If you work with a peacebuilding organization, shouldn’t you be able to define peacebuilding? After almost two years of working with Peace Direct, I still struggle with the term. Forget trying to be correct by academic and professional standards – I’m just trying to get the general public to understand well enough to be inspired.
One of the issues when defining peacebuilding is its nature of inclusivity. If peacebuilding includes many efforts, then it loses its meaning. Perhaps the trick is to take a step as far back as possible and try to see peacebuilding in its totality. From this vantage point, I would say good indicators of peacebuilding are intersectionality and intergenerational.
Peacebuilding: It’s intersectional
While talking to others at our public events, I kept returning to the word “intersections”: Peacebuilding found at the intersection of healthcare and women’s rights or peacebuilding at the intersection of affordable housing and prison reform. It was then I could light that fire of comprehension in the eyes of my listeners, so I continued to use the word intersection thinking that I was onto something new.
Sure enough, the Internet proved me wrong.
The term intersectionality (which sounds much more sophisticated) was first used by Kimberlé Williams Clarke in her paper Demarginalizing the Intersection of Race and Sex: A Black Feminist Critique of Antidiscrimination Doctrine, Feminist Theory, and Antiracist Politics (1989). In it, she describes how multiple systems of oppression faced by one demographic, e.g, a black woman, is wholly different than racism faced by a black man plus sexist discrimination by a woman. Intersectionality has been recognized in these systems of oppression, but I claim that intersectionality can also be found in the response against these interlinked systems. Peacebuilding is the intersectionality of different progressive movements that work and uplift each other.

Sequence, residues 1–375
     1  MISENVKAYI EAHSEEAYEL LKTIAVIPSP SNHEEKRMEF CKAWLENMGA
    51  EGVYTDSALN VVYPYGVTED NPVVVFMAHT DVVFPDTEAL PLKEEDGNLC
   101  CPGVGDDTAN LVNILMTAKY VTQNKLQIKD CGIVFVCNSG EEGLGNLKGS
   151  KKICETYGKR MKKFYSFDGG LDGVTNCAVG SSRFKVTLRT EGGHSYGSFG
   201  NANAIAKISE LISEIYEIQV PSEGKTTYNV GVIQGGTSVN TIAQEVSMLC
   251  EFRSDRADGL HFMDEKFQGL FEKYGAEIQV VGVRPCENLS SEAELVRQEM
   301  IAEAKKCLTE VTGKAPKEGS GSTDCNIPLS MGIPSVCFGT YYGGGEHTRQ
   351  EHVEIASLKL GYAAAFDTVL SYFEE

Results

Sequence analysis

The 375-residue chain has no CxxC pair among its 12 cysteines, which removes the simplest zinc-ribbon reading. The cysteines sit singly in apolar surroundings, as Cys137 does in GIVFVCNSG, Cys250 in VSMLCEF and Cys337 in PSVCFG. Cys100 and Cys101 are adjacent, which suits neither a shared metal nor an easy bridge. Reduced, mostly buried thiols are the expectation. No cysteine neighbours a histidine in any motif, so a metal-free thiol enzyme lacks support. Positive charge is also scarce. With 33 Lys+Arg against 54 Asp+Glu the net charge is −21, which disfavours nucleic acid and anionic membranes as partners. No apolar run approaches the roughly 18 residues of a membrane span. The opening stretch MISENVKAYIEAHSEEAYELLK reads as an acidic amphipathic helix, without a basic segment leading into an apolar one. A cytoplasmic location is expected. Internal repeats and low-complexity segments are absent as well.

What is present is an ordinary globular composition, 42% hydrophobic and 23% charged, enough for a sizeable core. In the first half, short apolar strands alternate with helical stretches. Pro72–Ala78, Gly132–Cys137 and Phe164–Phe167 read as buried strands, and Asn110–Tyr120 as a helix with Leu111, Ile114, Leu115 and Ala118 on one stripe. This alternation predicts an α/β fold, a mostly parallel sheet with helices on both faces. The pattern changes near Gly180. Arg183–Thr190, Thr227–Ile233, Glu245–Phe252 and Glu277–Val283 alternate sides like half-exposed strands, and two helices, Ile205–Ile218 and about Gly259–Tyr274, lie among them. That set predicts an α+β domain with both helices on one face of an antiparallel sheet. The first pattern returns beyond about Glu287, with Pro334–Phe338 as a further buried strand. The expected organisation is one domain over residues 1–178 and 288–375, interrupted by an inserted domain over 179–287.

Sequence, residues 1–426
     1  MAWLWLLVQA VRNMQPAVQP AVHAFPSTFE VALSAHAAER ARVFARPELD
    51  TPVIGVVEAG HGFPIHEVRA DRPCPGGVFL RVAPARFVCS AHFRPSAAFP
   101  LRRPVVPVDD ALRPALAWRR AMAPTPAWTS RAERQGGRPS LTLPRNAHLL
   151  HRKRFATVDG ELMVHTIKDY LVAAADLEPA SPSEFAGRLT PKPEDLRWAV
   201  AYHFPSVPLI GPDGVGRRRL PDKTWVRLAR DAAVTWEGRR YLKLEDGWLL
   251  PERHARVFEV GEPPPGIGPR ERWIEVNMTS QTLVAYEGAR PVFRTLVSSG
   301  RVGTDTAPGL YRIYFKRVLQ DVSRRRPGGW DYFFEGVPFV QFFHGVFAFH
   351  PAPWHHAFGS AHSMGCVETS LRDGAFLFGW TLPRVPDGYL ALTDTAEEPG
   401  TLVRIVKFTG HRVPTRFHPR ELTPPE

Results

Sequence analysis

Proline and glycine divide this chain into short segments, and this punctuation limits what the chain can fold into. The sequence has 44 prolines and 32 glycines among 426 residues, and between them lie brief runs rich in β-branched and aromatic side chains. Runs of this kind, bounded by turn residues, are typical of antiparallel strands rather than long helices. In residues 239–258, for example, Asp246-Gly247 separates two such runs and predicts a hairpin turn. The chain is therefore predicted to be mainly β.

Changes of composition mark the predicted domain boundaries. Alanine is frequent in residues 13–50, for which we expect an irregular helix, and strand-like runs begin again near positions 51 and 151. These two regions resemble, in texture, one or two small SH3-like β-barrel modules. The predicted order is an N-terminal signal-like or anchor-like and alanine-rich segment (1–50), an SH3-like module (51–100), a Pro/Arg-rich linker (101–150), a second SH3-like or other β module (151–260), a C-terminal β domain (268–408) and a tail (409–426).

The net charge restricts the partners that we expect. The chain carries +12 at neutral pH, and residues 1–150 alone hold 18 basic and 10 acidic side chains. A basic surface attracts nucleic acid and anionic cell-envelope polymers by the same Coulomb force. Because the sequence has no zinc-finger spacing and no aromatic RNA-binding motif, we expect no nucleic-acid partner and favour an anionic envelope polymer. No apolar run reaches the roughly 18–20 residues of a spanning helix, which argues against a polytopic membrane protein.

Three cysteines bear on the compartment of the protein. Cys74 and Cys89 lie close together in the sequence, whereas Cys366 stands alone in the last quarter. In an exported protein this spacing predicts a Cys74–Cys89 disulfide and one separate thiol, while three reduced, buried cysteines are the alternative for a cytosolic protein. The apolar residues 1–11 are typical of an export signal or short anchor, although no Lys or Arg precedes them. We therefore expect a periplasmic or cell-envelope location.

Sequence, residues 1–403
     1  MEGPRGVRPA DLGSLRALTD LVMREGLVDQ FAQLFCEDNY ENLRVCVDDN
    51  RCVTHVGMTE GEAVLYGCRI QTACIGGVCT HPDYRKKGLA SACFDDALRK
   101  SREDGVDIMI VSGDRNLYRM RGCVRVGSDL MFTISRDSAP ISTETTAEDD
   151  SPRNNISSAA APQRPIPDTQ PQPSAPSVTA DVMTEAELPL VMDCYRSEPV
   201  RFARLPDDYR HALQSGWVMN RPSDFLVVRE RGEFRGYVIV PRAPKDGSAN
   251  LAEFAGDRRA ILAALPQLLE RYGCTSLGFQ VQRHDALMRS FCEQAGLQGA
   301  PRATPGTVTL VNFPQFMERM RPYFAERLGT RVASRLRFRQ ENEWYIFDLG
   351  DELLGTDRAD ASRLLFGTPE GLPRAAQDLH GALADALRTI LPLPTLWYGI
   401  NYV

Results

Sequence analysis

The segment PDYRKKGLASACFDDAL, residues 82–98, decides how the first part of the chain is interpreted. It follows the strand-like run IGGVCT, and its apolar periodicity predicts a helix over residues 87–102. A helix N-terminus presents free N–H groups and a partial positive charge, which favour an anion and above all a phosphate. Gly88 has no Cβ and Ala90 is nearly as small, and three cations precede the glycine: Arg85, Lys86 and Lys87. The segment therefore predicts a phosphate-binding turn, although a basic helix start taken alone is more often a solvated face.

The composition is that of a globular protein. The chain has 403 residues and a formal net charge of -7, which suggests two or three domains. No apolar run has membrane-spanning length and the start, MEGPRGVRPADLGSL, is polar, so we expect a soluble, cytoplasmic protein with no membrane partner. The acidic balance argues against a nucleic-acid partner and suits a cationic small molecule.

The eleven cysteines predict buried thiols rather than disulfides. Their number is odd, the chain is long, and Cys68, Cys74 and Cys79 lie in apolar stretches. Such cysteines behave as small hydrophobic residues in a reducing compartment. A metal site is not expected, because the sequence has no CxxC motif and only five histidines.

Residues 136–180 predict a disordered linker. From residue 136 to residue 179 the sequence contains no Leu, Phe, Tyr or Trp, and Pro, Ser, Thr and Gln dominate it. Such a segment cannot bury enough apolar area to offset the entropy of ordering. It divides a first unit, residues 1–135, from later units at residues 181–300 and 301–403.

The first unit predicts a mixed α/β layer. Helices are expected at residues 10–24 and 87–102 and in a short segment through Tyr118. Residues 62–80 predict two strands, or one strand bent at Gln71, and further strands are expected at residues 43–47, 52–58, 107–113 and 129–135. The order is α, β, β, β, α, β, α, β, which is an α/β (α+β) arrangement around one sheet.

Earlier this month, Jane Fonda hosted her last Firedrill Friday before returning to Los Angeles. I attended a Firedrill last October that discussed how the military industrial complex further ruins the Earth. It was a thrill to participate in the rally, publicly marching alongside groups raising different signs but chanting the same words. The purpose of Firedrill Fridays and the way they organized themselves is great example of peacebuilding. Each week, Firedrill Fridays focuses on an issue that loosely relates to climate change. It starts with a teach-in held live on Facebook the evening before Friday’s rally.